18 - 19 April 2018
UCA - FARNHAM
Invited by Ashley Howard, lecturer in ceramics to do a short course workshop with his students at UCA Farnham it was interesting to visit this course with a long history of ceramic education. Like so many BA courses it is now a combined Glass, Ceramics, Jewellery and Metalwork course offering the opportunity to explore all material areas before choosing to either study one area in greater depth, or continue to work across specialisms.
It is also home to the Crafts Study Centre - a purpose built museum, research centre and gallery dedicated to crafts. Unfortunately I did not get the opportunity to find out whether they would consider ceramic 3d printing to be a 'craft' or not.
17 April 2018
D-LAB, VR|AR - BERKHAMSTED
A big thanks to architect David Kirkland, the driving force behind D-Lab Berkhamsted for the use of the VR|AR equipment. Using an Oculus Rift it is not the virtual reality (VR) that I am interested in but the augmented reality (AR). I have spent a number of days exploring the ‘Medium’ 3D modelling software and have not worked out what to do with it but it certainly offers a really interesting way to work.
D-Lab is to set up a second base in East Village Stratford, London from January 2019. Considered as a design laboratory the model is of a co-working studio space for the creative community supported by well equipped workshops, mentoring, and support programmes for individuals and small businesses. Follow this link for further information.
09 - 12 April 2018
SHORT COURSE – RCA, LONDON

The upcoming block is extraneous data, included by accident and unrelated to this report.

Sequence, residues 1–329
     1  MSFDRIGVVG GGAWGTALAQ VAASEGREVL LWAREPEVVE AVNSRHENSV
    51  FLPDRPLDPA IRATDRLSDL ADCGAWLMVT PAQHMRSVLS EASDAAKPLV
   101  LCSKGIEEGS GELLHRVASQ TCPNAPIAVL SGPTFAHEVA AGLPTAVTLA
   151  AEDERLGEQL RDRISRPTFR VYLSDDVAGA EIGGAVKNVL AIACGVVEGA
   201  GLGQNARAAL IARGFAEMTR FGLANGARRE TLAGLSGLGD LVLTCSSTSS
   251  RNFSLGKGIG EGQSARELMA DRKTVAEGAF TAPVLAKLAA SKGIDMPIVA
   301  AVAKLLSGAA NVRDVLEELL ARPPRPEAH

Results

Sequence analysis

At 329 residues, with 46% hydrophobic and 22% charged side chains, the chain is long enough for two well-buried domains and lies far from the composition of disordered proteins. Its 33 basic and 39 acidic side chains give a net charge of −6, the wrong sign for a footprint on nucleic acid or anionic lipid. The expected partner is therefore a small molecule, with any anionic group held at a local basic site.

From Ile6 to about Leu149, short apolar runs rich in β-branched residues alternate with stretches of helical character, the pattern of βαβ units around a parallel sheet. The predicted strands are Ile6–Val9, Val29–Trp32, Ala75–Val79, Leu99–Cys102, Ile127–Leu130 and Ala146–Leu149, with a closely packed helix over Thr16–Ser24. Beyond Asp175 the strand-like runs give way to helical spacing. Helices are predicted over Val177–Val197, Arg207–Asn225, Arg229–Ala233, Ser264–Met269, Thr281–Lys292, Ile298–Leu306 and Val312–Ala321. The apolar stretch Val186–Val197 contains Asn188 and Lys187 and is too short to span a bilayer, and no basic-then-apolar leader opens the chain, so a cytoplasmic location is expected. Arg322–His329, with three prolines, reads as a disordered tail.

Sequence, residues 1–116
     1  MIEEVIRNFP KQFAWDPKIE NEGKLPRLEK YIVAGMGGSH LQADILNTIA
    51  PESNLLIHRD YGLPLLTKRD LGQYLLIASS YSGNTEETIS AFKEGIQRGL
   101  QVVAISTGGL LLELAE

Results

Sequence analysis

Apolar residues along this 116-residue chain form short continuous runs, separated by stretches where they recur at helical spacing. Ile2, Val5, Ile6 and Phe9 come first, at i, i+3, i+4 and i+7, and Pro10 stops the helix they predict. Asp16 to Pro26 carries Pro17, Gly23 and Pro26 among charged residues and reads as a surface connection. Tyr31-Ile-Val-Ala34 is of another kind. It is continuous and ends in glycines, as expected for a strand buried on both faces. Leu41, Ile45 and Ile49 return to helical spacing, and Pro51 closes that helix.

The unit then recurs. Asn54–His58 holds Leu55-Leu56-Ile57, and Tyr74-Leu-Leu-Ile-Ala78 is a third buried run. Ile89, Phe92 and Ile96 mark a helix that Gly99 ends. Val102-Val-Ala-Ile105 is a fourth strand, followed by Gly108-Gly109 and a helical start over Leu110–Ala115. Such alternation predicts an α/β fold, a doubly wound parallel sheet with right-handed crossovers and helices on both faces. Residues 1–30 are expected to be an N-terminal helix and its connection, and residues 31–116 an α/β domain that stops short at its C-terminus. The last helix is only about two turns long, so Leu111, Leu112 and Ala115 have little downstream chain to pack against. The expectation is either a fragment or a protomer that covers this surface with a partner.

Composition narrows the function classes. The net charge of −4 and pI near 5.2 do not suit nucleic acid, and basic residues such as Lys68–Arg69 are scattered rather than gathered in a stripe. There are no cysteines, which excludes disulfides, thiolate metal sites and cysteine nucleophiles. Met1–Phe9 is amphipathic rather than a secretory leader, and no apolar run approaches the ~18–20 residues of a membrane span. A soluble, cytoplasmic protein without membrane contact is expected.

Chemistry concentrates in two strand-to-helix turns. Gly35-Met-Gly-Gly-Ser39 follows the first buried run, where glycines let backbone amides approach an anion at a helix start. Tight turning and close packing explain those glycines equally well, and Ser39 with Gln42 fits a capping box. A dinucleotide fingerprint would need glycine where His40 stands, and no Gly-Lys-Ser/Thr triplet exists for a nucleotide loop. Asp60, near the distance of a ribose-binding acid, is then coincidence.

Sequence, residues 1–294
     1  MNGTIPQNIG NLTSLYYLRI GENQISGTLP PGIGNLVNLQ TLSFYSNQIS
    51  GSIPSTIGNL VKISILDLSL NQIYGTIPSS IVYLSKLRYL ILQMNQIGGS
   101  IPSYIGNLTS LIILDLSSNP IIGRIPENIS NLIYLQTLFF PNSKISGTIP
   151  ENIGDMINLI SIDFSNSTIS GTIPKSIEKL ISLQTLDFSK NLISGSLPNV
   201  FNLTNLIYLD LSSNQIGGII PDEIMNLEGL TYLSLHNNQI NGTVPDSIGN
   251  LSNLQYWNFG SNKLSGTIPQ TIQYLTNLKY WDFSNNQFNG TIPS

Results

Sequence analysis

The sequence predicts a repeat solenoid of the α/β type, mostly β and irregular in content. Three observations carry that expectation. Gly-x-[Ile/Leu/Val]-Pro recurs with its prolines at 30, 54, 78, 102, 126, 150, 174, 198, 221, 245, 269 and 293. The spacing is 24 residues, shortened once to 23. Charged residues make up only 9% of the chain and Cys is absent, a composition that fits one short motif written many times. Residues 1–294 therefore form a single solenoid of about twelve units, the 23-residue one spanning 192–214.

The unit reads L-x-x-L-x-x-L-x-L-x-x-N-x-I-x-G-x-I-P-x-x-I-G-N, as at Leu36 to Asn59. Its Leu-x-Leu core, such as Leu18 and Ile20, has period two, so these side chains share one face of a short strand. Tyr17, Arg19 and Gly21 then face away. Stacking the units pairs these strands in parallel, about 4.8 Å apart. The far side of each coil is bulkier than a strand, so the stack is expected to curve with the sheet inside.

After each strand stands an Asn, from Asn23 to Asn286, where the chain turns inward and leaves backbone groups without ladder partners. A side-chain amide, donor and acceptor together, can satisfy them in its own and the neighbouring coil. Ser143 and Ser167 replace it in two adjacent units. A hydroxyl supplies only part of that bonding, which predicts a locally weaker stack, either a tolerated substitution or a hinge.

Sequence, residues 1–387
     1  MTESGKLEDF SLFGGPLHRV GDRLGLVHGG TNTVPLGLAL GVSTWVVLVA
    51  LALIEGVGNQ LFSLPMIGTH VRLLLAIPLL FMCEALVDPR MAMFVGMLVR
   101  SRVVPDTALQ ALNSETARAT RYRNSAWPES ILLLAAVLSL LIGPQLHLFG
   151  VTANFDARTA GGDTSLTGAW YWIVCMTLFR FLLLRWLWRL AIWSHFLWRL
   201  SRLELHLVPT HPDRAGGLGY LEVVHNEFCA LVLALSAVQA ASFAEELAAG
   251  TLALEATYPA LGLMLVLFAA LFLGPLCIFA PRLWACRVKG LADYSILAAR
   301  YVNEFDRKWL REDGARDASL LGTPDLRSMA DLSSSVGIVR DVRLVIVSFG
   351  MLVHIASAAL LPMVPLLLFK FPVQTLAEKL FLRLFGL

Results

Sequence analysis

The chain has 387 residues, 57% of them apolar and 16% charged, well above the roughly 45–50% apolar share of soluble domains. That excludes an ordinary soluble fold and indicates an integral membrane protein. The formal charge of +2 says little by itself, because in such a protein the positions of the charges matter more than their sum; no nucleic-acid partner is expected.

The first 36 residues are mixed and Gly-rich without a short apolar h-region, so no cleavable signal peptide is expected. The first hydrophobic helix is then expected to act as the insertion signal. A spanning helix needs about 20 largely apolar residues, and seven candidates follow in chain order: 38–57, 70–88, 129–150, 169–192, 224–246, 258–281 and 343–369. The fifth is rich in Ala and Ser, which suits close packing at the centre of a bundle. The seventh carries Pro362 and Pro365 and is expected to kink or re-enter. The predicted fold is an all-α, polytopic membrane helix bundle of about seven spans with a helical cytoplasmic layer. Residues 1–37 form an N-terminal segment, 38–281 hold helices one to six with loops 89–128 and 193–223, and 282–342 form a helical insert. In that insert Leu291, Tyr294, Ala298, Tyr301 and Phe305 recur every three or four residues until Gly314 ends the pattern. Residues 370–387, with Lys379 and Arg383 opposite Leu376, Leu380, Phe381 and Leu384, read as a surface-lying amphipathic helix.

After setting up the WASP and LUTUM printers for the Royal College of Art in February I was invited back to present a 4 day short course in ceramic 3D printing to students interested in the subject from the Ceramic and Glass MA first year group. I do not expect workshop participants to have experience in computer 3D software but they must be willing to work with computers.
With introductory workshop I get participants to think about how the computer and computation is offering new ways of working in clay. I want people to be open minded and I am not prescriptive as to what software or direction they follow with their work. I go through the practicalities of how to use ceramic 3D printers and the basics of how 3D computation works but after that try to leave it up to the individual to work out how best they might use the process.
20 - 24 March 2018
ERASMUS+ OUTOKUMPU KOULU FINLAND
A first time visit to Finland for me this meeting of the Erasmus+ 3D Education project was not all snow, the landscape of National Park Koli and driving across an iced lake although that will be memorable.
The staff at Kummun Koulu, Outokumpu organised a wonderful program within the school and also trips to the Art Museum in Joensuu and Sm4rtLab at the University of Eastern Finland. However snow sculpting for students and visiting teachers at the school was possibly the most original activity.
15 - 17 March 2018
NCECA (National Council on Education for the Ceramic Arts) in Pittsburgh lived up to all the craziness I was told to expect. With so much in the main program and all the associated exhibitions I only got to see a small amount. It is a broad church and difficult to navigate but on the other hand an important annual networking opportunity for US clay artists and educators.
Tom Lauerman and I presented a co-lecture entitled Clay, Computation, & Culture. Both of us have reputations as developers of clay 3D printers but for this talk we specifically chose to talk about the why rather than how – why it is important to be introducing computation into clay. Both of us agree that digital ways of working pose no threat to tradition but are an extension, an addon and want to see ways of mixing traditional and these new technologies and processes.
Danny Defelici of PotterBot had a trade stand at NCECA so it was good to meet and discuss the developments they are doing. Ronald Rael, who I had meet at BCB in Stoke have been working together and he was also at there. Ronald gave a lecture and was demonstrating on the PotterBot stand. They have developing a Scara Robot arm for printing big work and with Peter Pugger (who had the stand next door) intend to get constant clay feed for the Scara arm from a pugmill.